Prepared by The University of Iowa Center for Human Rights (UICHR)*

“Of, by, and for the people,” democracy is grounded in respect for fundamental freedoms and the rule of law. Democracies generally have free and fair elections, autonomous political parties, a system of checks and balances, independent judiciaries, civilian control of the military, and free media. The 1948 Universal Declaration of Human Rights calls for protection of the rights that make democratic governance possible, including the right to speak and assemble freely, to vote and participate in government, to fair and impartial trials, and to non-discrimination in these and all other respects. There is much still to be done.

1 — Number of persons of African descent elected as head of state in countries with majority populations of white European heritage (UICHR, 2009)

18 — Number of national parliaments having at least 30% female representation, in contrast to many other democratic countries such as the United States where, since 1789, only 2% of members of Congress have been women and no woman ever has been elected to Congress from Delaware, Iowa, Mississippi, or Vermont (Rutgers Center for American Women and Politics, 2008)

30 — Number of countries reported to be “full” democracies in 2007—compared to 56 said to be “flawed” democracies and 55 (representing nearly 40% of the world’s population) characterized as “authoritarian” (Freedom House, 2007; Economist, 2007)

76 — Number of seats won by the Hamas Party in the 2006 Palestinian parliamentary election, an election urged by the United States, declared to be fair by international observers, and giving Hamas legitimate governing authority, but quickly met by Israel’s imprisonment of 54 Hamas offcials and refusal to release Palestinian tax revenues which, compounding massive international aid cuts, subverted the Palestinian Authority’s ability to pay 160,000 civil servants, leading to a deadly power struggle between Hamas and its rival Fatah Party (Vanity Fair, 2008; Human Rights Watch, 2006)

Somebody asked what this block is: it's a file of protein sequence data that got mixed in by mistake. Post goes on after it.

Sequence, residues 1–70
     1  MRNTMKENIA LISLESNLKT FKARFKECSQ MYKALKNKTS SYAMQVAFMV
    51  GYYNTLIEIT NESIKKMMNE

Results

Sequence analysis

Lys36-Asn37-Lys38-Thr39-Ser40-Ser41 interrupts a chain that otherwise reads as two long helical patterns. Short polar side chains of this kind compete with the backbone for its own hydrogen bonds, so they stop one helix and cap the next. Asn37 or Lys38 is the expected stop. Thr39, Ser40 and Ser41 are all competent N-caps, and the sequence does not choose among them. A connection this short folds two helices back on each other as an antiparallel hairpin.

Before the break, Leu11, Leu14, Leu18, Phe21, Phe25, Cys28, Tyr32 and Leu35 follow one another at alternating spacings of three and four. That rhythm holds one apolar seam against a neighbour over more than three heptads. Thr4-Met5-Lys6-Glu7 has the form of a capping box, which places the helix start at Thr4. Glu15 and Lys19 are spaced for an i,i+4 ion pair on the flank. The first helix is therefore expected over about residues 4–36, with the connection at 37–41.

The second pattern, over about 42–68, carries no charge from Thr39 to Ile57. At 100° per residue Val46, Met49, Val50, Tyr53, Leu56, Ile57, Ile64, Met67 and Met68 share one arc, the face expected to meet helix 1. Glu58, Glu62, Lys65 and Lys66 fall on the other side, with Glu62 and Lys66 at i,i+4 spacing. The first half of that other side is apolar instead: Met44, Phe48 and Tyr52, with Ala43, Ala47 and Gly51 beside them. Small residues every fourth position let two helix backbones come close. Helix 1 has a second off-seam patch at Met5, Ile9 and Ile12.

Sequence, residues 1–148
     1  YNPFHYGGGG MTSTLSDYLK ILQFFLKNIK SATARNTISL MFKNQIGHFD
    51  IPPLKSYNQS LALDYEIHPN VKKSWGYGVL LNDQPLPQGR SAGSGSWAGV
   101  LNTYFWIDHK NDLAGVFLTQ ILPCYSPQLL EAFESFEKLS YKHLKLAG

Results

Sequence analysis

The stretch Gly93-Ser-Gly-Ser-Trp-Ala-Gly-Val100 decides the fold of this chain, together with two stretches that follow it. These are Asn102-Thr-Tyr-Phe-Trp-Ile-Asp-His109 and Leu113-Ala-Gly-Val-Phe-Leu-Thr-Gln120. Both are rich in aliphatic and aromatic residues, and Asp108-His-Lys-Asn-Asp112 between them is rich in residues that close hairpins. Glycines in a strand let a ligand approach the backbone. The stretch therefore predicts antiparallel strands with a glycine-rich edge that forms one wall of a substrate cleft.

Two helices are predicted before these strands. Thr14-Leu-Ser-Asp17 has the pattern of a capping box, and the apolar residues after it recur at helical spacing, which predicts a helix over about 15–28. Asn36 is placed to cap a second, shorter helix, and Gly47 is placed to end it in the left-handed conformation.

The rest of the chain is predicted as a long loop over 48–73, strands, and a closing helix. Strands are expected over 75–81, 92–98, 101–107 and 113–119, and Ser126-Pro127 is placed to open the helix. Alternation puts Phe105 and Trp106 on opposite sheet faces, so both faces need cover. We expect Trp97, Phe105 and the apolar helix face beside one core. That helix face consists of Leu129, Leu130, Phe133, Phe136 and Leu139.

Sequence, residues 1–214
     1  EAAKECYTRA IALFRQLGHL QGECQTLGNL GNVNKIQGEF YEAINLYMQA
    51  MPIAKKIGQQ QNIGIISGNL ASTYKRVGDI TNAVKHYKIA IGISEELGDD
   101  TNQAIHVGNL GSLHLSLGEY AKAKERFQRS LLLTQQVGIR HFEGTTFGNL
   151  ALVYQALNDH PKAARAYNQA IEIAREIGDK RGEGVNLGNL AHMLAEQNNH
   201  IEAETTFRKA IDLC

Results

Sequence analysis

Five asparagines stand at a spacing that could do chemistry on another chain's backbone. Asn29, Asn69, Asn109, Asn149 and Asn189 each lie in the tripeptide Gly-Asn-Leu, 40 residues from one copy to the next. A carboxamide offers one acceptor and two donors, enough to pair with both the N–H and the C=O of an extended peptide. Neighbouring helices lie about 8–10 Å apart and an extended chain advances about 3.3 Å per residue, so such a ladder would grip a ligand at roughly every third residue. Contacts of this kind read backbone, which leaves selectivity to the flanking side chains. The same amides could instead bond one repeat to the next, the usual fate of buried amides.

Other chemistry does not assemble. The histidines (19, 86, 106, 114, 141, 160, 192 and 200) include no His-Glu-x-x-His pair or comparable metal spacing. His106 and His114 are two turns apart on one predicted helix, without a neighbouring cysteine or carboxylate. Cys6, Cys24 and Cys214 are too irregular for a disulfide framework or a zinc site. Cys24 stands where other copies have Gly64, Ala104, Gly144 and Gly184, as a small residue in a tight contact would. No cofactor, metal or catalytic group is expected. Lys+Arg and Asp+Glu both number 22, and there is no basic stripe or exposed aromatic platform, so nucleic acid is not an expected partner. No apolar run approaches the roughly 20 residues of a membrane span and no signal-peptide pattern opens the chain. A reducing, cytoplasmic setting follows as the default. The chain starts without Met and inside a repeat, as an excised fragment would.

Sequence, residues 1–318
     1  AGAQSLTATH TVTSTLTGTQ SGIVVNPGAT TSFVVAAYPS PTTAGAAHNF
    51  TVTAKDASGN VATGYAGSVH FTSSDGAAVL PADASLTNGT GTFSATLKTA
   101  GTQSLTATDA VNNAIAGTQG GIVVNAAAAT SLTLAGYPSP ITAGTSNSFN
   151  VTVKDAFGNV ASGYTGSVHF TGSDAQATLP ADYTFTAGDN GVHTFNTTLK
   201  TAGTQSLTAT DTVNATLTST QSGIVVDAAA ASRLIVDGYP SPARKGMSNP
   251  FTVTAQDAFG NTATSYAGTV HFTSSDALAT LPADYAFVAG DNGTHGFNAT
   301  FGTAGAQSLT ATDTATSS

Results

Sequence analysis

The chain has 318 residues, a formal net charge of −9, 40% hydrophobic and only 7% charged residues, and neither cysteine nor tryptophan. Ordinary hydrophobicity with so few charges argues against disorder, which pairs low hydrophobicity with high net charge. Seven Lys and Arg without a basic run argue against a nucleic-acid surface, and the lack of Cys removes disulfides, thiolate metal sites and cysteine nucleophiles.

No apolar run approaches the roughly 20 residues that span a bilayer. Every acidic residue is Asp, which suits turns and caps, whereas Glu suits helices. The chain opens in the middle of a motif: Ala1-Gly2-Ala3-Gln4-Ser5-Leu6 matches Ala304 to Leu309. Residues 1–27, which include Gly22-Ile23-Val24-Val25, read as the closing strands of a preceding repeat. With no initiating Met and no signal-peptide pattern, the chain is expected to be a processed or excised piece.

6,000 — Number of secret cremations by police officials in India’s Punjab State in the 1980s when the Indian government, resisting a Sikh insurgency, resorted to police-orchestrated pogroms, dismissed the democratically elected Punjabi government, and imposed direct “President’s rule” for five years, during which time tens of thousands of Sikhs were disappeared, an atrocity the Indian government refuses even to acknowledge (Human Rights Watch, 2007)

10,000 — Number of Nicaraguan peasants—called “Contras”—armed and trained by the United States in a 1980s attempt to oust Nicaragua’s democratically-elected leftist Sandinista government, resulting in the death of some 1,400 civilians and the displacement of 113,000—a situation made worse by the U.S. mining of key Nicaraguan harbors, later ruled by the World Court to be a violation of international law (ICJ, 1984)

370,000 — Number of persons displaced in the Democratic Republic of Congo since 2006 due to armed conflict (currently threatening to overwhelm 18,000 UN peacekeepers) between rebel leader Laurent Nkunda and the government of Joseph Kabila, elected in the country’s first free and fair elections in forty years (BBC, 2008; Freedom House, 2008)

5,300,000 — Estimated number of Americans (one in every 41 adults) who, as of September 2008, lacked voting rights due to felony convictions, including 1.4 million African Americans disenfranchised at a rate seven times the national average, in part because state voting rights reinstatement procedures are cumbersome and exclude certain classes of offenders (Sentencing Project, 2008)

9,000,000 — Number of paper ballots ordered by the Mugabe government for Zimbabwe’s 2008 presidential and legislative elections, exceeding the 5,900,000 eligible voters and thus creating suspicions of election fraud which, in addition to provoking violence before and after the elections (death and torture allegedly at the hands of Mugabe supporters, government-backed youth militias, and war veterans), greatly detracted from the chance for a free and fair election (BBC, 2008)

70,000,000 — Dollars paid by Iran in compensation for the 1951 nationalization of a consortium of eight large, foreign-owned oil companies, an event that, in conjunction with a rising fear of Communism, prompted the CIA to engineer and execute the overthrow of the democratically elected government of Prime Minister Mohammed Mossadegh, using Iranian armed forces and Iranian media to turn the tide in favor of the Shah—a coup that resulted in the deaths of 300 Iranians and set the stage for the Islamic Revolution led by Ayatollah Khomeini some 20 years later (NY Times, 2008)

*Copyright © 2009 by The University of Iowa Center for Human Rights (UICHR). Prepared by Bessie Dutton Murray Distinguished Professor of Law Emeritus and UICHR Senior Scholar Burns H. Weston with the generous assistance of Laura P. Lunn and Jennifer A. Wideman, students at the UI College of Law. For further information on human rights generally, please visit the UICHR web site.